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Title: Bistatic radar using satellite-borne illuminators of opportunity
Author: Garnett, Alan James
Awarding Body: University of London
Current Institution: University College London (University of London)
Date of Award: 1997
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This thesis presents an investigation into the feasibility of using DBS TV satellites as illuminators of opportunity for bistatic radar. A review of studies in bistatic radars, terrestrial illuminators of opportunity and dedicated space-borne transmitters is given and the concept being investigated is explained. A review of bistatic radar and DBS TV satellites is given. It is shown that a radar based on typical domestic DBS TV system parameters and target RCSs derive SNRs from -7dB down to -77dB. Extensive signal processing gains of up to 90dB are required to integrate echo energy to reliable detection thresholds. Iso-range, iso-Doppler and iso-power contours are presented that predict the response of a receiver at UCL to target echoes. DBS TV waveforms are not necessarily favourable for radar purposes. Crosscorrelation is the method identified to process echo signals. Auto-correlation functions and ambiguity functions of sampled DBS TV waveforms are presented. Range resolution and side-lobe levels are examined for some TV modulation standards. It is shown that broadcast 'scrambling' suppresses 64’s TV line ambiguities by approximately 15dB. Design and construction of an experimental bistatic radar receiver using modified domestic DBS TV equipment interfaced with a quad-channel digitising oscilloscope is presented. Coherently demodulated reference and echo signals were digitised, correlated and integrated on a PC-compatible. Results of trials that were conducted at UCL with the ASTRA satellite and a transponder to evaluate radar performance are presented. It is shown that signal and noise levels integrate as predicted, and signal energy integrates in proportion to integration time. Extrapolation of radar performance is made to show a 20dBm2 target at 100km would require correlation and integration over 100s of 109 independent samples. It is concluded such a radar is not agile enough for tracking, but is more suited to surveillance. Recommendations in the design of future systems are proposed to reduce integration time required, and thus extend possible applications.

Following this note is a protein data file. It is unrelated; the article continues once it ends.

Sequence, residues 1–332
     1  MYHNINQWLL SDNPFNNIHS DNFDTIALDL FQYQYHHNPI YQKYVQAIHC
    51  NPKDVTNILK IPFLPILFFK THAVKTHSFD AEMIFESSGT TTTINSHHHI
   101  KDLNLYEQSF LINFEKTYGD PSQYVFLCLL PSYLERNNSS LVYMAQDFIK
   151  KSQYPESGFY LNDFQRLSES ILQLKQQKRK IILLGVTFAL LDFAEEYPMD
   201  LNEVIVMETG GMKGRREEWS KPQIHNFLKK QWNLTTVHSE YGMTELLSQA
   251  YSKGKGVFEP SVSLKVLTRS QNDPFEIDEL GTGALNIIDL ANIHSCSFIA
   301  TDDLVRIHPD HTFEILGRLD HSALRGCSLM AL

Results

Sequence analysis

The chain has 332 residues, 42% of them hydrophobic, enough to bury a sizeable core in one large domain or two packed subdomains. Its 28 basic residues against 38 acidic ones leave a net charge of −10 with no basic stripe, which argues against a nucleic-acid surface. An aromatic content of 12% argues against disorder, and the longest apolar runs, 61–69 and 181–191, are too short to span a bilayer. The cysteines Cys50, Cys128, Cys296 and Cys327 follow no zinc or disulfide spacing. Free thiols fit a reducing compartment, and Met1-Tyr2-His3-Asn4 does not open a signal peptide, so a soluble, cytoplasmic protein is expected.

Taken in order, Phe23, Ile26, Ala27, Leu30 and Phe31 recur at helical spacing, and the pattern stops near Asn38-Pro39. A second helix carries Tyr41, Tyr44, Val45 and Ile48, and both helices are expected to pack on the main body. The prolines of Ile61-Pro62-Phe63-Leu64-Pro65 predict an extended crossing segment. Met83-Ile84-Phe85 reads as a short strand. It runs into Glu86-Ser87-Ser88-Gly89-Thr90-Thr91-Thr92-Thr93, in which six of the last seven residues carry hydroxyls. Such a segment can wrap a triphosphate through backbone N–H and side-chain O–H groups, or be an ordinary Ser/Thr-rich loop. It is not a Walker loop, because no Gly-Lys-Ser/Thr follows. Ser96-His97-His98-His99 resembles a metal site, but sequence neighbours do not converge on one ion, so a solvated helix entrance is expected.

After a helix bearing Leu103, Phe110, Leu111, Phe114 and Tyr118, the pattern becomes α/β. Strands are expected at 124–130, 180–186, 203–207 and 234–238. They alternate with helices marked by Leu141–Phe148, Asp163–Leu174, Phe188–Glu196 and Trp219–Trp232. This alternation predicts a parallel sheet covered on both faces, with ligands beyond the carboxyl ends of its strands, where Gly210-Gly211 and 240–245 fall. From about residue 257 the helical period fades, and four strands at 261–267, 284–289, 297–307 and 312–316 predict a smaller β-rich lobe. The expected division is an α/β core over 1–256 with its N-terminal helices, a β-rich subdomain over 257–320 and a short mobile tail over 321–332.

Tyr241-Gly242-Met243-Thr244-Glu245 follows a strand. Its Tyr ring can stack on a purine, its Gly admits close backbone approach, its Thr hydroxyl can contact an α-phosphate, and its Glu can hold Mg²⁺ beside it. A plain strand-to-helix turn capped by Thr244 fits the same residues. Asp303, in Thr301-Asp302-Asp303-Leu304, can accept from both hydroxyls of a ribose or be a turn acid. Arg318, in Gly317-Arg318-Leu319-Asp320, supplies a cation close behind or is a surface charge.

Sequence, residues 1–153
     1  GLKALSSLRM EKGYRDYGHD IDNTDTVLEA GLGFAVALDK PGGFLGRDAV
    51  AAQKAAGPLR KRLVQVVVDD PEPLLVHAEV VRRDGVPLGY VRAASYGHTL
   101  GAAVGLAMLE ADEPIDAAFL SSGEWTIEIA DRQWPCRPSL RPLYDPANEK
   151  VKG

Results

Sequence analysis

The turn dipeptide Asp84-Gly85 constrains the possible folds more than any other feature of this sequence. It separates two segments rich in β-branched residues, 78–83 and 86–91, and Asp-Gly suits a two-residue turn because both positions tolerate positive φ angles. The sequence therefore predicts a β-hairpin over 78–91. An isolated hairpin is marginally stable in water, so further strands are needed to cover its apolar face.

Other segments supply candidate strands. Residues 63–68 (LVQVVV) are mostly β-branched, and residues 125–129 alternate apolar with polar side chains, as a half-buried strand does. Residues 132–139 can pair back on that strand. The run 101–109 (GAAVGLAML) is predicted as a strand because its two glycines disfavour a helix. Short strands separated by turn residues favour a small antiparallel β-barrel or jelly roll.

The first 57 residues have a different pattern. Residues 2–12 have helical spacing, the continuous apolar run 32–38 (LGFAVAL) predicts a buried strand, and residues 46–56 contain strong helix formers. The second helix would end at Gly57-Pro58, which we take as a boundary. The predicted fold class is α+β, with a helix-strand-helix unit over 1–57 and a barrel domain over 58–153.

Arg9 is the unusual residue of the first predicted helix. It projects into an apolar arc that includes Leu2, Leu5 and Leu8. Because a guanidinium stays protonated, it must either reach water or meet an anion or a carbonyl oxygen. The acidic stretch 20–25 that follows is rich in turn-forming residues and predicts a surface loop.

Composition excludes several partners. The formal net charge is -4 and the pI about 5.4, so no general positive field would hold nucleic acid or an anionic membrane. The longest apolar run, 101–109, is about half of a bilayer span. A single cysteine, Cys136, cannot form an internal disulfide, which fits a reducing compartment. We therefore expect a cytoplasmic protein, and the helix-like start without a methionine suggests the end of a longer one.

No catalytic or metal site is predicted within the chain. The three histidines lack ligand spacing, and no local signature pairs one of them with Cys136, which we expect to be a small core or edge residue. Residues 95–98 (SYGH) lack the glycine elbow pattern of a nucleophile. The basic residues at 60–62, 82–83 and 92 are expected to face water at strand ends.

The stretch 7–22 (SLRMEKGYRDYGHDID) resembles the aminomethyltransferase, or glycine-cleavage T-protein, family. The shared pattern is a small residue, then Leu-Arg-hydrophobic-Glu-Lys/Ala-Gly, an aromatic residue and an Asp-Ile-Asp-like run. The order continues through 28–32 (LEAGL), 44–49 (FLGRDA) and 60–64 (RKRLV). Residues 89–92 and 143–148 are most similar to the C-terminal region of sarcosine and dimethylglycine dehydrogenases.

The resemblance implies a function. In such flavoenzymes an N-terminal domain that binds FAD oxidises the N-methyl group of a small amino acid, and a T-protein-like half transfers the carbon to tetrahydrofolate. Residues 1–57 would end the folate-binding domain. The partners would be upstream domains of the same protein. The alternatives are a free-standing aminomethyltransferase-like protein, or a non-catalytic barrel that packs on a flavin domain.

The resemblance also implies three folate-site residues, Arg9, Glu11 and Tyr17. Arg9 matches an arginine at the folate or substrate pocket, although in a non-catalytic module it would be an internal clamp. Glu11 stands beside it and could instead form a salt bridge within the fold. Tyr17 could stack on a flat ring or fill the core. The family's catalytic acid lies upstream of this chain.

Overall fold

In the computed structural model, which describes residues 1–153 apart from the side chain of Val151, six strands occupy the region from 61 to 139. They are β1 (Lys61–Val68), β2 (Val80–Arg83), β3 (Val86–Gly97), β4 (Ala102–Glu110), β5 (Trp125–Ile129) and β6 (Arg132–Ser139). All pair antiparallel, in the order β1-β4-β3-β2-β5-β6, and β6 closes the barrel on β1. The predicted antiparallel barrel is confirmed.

Supervisor: Not available Sponsor: Not available
Qualification Name: Thesis (Ph.D.) Qualification Level: Doctoral
EThOS ID:  DOI: Not available